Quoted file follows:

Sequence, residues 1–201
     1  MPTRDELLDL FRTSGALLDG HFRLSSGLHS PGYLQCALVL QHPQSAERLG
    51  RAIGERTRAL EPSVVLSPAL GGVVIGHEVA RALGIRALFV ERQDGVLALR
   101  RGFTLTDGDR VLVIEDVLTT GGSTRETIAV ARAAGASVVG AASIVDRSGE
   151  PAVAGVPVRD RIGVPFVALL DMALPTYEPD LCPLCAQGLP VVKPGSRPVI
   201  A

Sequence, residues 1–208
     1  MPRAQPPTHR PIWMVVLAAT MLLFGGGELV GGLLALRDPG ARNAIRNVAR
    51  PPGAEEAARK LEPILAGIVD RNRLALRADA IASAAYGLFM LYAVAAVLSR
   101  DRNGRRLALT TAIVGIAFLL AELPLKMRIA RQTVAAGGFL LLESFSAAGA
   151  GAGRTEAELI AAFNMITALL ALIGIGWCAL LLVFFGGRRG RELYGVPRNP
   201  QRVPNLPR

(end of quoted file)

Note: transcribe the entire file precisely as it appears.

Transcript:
Sequence, residues 1–201
     1  MPTRDELLDL FRTSGALLDG HFRLSSGLHS PGYLQCALVL QHPQSAERLG
    51  RAIGERTRAL EPSVVLSPAL GGVVIGHEVA RALGIRALFV ERQDGVLALR
   101  RGFTLTDGDR VLVIEDVLTT GGSTRETIAV ARAAGASVVG AASIVDRSGE
   151  PAVAGVPVRD RIGVPFVALL DMALPTYEPD LCPLCAQGLP VVKPGSRPVI
   201  A

Sequence, residues 1–208
     1  MPRAQPPTHR PIWMVVLAAT MLLFGGGELV GGLLALRDPG ARNAIRNVAR
    51  PPGAEEAARK LEPILAGIVD RNRLALRADA IASAAYGLFM LYAVAAVLSR
   101  DRNGRRLALT TAIVGIAFLL AELPLKMRIA RQTVAAGGFL LLESFSAAGA
   151  GAGRTEAELI AAFNMITALL ALIGIGWCAL LLVFFGGRRG RELYGVPRNP
   201  QRVPNLPR